How is Madness presented through the protagonist in The Yellow Wallpaper compared to The Bell Jar?

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How is Madness presented through the protagonist in ‘The Yellow Wallpaper’ compared to ‘The Bell Jar’?

The protagonist is extremely important within a novel, they give the reader a focus and a bond to someone they know so much about, in this case Esther and the Narrator. The protagonist is explained within the novel which the reader may interpret in their own way; this gives the effect of a personal closeness to the book, so that the reader can relate to the protagonist, although the effect of post natal depression in ‘The Yellow Wallpaper’ and suicidal depression in ‘The Bell Jar’ also distances the reader from the protagonist because insanity is a world away from a ‘normal mind’.

‘The Bell Jar’ is written in the first person, displaying to the reader personal closeness to the novel, thus making the reader feel a bond to the protagonist, the reader develops an intimate relationship to the narrator due to them reading the novel as themselves as they become the ‘I’ of the novel. Esther narrates her life from her descent into madness and her climbing back out; it's a vivid picture of the inside of a mind through insanity as well as the healing of Esther’s mind. ‘The Yellow Wallpaper’ is also written in first person narrative; this lets us feel closer to the Narrator, although we never do find out her name, so it could be argued that it makes the reader feel like they’ve found the diary that she has been writing in which also separates us from the Narrator. The Narrator decides to keep a secret diary, and from that point on it’s as if all her thoughts are secret and not visible to the outside world, although it’s not just her mind that is confined in the diary, she is also physically confined, the Narrator represents this through her character and explains this to the reader by saying things such as “there are hedges and walls and gates that lock” this powerfully emphasises the protagonist being trapped not only physically but emotionally and how she is also very much alone and closed off from everyone.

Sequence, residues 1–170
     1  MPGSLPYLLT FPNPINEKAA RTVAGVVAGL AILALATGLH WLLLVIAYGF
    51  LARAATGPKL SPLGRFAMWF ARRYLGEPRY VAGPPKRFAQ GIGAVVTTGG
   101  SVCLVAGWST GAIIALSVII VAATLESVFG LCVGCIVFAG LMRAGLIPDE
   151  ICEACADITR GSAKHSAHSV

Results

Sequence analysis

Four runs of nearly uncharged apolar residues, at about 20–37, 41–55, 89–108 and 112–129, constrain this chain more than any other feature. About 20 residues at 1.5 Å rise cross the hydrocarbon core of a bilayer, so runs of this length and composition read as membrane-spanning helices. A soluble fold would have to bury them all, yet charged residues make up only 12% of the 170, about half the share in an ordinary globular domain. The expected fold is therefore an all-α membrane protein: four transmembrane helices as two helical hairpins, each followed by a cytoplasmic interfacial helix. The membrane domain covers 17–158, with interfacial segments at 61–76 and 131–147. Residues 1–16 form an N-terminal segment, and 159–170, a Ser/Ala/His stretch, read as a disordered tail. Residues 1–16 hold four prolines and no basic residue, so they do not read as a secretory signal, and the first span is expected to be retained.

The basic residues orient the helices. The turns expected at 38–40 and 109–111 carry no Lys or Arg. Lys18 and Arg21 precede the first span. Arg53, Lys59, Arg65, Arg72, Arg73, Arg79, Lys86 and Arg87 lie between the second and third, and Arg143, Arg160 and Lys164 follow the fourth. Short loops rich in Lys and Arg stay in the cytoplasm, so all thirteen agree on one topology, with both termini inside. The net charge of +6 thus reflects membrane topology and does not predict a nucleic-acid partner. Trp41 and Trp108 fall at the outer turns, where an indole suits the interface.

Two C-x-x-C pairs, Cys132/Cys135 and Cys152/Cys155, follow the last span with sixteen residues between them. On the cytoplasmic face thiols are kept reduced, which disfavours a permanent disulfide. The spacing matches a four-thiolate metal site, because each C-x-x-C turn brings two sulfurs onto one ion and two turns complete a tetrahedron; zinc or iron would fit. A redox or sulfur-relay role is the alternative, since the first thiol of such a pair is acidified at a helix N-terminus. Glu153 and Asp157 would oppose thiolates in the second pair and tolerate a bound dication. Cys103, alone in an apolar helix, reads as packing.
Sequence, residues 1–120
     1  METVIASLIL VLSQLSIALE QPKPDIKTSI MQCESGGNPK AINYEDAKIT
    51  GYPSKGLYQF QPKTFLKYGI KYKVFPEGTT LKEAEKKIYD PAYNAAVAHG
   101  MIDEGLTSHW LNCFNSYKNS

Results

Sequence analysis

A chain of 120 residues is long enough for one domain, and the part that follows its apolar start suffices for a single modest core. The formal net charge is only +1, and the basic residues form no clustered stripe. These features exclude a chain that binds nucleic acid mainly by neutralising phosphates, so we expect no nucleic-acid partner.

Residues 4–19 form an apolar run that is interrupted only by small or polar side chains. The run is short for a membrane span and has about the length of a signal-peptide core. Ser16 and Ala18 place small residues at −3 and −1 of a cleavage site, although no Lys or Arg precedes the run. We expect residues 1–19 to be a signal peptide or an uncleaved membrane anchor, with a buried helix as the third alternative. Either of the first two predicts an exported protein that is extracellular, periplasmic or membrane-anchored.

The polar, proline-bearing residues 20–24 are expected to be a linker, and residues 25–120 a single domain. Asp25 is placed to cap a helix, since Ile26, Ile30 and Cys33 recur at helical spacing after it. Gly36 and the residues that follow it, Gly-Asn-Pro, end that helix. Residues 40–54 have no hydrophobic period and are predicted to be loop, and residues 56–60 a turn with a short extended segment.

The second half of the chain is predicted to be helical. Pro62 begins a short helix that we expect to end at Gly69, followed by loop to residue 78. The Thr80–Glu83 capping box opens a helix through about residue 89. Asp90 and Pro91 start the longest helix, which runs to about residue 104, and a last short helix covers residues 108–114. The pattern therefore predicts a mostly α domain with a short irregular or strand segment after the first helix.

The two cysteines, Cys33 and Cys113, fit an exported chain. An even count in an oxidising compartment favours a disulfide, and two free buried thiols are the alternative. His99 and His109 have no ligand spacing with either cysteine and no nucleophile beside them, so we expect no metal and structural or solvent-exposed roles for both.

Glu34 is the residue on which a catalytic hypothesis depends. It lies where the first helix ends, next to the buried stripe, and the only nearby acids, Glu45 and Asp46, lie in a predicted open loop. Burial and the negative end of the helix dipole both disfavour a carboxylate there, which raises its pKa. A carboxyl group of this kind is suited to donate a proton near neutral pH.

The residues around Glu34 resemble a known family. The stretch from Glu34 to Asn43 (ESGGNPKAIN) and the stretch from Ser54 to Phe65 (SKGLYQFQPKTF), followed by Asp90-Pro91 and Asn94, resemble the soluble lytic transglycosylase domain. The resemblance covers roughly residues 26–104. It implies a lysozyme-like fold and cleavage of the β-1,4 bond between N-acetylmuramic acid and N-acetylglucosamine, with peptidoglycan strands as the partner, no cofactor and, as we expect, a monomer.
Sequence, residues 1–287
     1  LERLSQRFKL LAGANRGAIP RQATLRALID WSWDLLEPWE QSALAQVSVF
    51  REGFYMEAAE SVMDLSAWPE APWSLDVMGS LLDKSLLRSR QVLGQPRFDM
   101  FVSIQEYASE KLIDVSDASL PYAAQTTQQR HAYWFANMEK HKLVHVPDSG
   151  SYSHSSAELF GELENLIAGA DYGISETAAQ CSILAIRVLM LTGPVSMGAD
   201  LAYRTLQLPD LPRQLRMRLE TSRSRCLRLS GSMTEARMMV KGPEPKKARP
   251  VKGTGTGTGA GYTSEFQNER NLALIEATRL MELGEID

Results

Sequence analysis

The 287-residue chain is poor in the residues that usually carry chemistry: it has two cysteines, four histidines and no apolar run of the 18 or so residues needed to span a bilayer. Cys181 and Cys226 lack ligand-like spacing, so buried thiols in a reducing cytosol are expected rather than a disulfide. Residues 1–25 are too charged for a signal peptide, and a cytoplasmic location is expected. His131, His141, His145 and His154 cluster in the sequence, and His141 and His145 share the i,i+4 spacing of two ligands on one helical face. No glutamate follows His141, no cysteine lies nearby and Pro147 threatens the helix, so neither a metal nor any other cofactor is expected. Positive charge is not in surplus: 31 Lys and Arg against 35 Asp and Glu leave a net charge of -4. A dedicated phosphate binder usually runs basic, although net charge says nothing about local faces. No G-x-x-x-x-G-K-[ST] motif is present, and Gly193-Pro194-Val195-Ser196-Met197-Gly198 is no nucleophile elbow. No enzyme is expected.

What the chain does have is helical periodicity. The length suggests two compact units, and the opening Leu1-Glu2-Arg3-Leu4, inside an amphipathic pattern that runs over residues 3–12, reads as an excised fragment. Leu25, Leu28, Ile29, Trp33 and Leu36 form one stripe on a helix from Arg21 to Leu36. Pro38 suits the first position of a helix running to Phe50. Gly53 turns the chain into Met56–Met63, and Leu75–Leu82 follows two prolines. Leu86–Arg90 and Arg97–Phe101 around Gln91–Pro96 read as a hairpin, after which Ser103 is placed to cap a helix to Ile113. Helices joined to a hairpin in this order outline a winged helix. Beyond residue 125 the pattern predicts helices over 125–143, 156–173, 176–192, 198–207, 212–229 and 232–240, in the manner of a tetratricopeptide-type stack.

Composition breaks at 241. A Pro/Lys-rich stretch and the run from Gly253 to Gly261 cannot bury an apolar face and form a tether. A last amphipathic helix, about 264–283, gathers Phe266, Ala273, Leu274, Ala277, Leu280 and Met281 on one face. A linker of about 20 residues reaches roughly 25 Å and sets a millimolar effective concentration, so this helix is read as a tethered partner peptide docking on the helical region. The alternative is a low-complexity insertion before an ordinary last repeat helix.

The protagonist of ‘The Bell Jar’ we first see as an educated and independent woman, and we slowly see her deteriorate throughout the book; we understand that Esther is educated and independent as she has been offered an all expenses paid internship at a fashion magazine.  The reader sees Esther’s sane self deteriorate through the book whereas we see the Narrator’s madness from the beginning. Although it could be argued that we see Esther underlying depression from the start, she says in reference to the coverage of the Rosenburgs execution “I thought it must be the worst thing in the world” our first impression of Esther must be that she already is slightly depressed considering she is obsessed with the worst things in the world, although it could also be seen as Esther saying that she is frightened of death, contrasting to the middle of the book where she is contemplating suicide.

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We learn a lot about Esther from the first chapter of the book, we find out about what she does, who her friends are and what she’s like. Whereas in ‘The Yellow Wallpaper’ all we find from the Narrator is her gender, class and marriage, this all makes it into the first sentence of the books but her name doesn’t, suggesting that these general characteristics could be more important to the plot than her actual identity; this can be contextualised from women’s roles in earlier times. It could also suggest the parallel of the women’s imprisonment in the home, although ...

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